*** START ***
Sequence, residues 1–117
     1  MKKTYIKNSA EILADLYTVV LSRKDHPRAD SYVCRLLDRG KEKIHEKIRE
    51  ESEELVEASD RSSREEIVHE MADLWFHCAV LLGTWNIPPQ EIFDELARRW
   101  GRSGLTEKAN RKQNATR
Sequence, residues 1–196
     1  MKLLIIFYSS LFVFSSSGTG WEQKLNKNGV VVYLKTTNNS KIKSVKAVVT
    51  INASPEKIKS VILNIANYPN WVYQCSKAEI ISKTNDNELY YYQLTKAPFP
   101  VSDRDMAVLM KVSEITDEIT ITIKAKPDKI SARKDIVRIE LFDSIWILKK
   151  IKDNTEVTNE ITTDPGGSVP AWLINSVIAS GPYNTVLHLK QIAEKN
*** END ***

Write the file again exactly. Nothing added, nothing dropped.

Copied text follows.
Sequence, residues 1–117
     1  MKKTYIKNSA EILADLYTVV LSRKDHPRAD SYVCRLLDRG KEKIHEKIRE
    51  ESEELVEASD RSSREEIVHE MADLWFHCAV LLGTWNIPPQ EIFDELARRW
   101  GRSGLTEKAN RKQNATR
Sequence, residues 1–196
     1  MKLLIIFYSS LFVFSSSGTG WEQKLNKNGV VVYLKTTNNS KIKSVKAVVT
    51  INASPEKIKS VILNIANYPN WVYQCSKAEI ISKTNDNELY YYQLTKAPFP
   101  VSDRDMAVLM KVSEITDEIT ITIKAKPDKI SARKDIVRIE LFDSIWILKK
   151  IKDNTEVTNE ITTDPGGSVP AWLINSVIAS GPYNTVLHLK QIAEKN